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5.

Results
The processing time from the detection of an impulsive signal to the output of its DoA is currently
within 1.5 seconds, in many applications a derisive waiting time for possible responses actions to
be taken by the user. Tests were performed with the system in a laboratory measuring around 45
meters using gunshot recordings played on a sound box model Yamaha MSP3. A loudspeaker was
used to ensure a xed position to a burst of impulsive signals of same characteristic. The speaker
was placed (with precision of less than 1 degree) in azimuths 45, 135, 225 and 315 degrees, and 20
shots were "red"at each position.
The system is highly accurate and fully functional, with a maximum absolute error of 0.2 degree.
The system also has a conditional structure which checks whether the cross-correlation of signals
from a pair of microphones is maximized by an argument outside the range of values that are ex-
pected, which is given by the distance between microphones in that pair (which can happen in cases
of presence of signicant noise, for example), and then discards the result of this specic pair and
keeps the rest. This contributes to a better overall system accuracy. Factors such as high proces-
sing capacity and the possibility of simultaneous sampling of all seven microphones signals were
extremely important for the correct operation of the system. The courses offered by National Instru-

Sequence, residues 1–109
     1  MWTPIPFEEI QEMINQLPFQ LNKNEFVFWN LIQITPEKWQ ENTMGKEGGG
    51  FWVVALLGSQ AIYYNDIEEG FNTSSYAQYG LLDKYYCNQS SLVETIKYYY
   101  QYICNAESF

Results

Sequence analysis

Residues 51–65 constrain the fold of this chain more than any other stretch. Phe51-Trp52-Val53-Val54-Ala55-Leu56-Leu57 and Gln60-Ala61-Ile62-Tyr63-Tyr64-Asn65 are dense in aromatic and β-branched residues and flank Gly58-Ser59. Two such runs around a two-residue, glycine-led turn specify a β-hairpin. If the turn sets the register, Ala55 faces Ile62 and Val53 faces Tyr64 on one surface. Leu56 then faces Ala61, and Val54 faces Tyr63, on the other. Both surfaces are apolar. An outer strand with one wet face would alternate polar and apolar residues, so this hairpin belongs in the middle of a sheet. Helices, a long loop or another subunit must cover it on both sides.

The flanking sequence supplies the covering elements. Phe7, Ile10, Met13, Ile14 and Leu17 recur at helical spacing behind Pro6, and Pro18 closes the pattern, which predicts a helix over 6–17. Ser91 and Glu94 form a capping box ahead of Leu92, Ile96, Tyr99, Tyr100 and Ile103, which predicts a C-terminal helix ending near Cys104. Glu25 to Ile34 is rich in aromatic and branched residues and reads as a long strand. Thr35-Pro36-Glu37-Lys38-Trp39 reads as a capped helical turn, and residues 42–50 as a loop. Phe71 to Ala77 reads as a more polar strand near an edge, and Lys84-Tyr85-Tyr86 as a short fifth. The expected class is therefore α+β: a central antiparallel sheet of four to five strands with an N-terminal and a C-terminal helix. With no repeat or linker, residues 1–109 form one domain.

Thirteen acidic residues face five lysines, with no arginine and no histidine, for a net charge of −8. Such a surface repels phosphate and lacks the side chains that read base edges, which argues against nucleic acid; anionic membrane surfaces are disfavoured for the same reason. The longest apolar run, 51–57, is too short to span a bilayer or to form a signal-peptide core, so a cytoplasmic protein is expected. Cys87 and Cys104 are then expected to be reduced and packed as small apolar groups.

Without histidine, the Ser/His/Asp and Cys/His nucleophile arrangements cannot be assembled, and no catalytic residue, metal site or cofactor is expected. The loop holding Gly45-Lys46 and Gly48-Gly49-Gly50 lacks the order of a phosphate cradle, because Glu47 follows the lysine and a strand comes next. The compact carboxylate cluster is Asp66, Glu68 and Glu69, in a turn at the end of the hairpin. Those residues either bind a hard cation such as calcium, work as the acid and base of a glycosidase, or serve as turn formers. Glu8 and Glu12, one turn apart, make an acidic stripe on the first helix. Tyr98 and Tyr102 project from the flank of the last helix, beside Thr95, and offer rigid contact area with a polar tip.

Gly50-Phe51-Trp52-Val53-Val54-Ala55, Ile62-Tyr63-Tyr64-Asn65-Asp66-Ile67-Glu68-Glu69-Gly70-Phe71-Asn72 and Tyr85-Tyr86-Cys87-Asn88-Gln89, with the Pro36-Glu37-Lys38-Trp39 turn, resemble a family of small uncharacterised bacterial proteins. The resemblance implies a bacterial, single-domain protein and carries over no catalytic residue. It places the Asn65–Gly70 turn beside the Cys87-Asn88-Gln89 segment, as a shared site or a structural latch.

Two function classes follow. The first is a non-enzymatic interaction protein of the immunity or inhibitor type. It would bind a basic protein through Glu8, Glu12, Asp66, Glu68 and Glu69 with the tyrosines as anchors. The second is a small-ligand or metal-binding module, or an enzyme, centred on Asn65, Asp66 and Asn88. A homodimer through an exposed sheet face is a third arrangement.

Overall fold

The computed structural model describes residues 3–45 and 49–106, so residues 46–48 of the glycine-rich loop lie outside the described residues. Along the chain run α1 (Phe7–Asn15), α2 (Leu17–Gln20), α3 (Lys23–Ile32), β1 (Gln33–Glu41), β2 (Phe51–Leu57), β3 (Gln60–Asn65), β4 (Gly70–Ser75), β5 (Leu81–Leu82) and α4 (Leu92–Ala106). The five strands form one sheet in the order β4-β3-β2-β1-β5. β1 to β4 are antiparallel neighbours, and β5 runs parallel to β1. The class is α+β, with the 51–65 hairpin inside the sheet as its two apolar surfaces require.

ments and the easy programming environment of LabVIEW to implement the various functions and
algorithms, both detection and direction of arrival estimation, allowed the successful development
of this project on a tight time frame (3 months).
Once an impulsive signal is detected, the signals from all seven microphones are queued in a new
FIFO, which will be transferred to another loop; this non-deterministic loop processes the signal
through the DoA estimation algorithm implemented in the controller. This second loop has no
constrained time of execution, performing its tasks as the deterministic loop (priority) releases the
processing resources. This does not affect the detection of consecutive signals, as they are stored in
the FIFO between the two loops.
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3
4
5 6 7 8
9
10
11 12 1
Direcao da
fonte do sinal
Controller
variables
Deterministic loop
Detection of the signal
signals Aquisition modules
FPGA
Notebook
Preamp
Rack
DMA
F
I
F
O
F
I
F
O
Direction of
arrival
sound
wave
electric
signal
Debug
and
Interface
Non-deterministic loop
Processing of DoA algorithm
The results of the DoA estimation algorithm (azimuth and elevation of the incident soundwave) are
transmitted through variables to a notebook via an Ethernet connection, the results being shown on
the screen in a user-friendly interface, which also allows debugging of possible runtime errors. It is
noteworthy that all the processing is done in hardware (cRIO), and that the notebook is used only
as an interface. To make the system more compact, the interface could be performed directly by
the cRIO through LED indicators of the direction of arrival or an LCD display embedded in the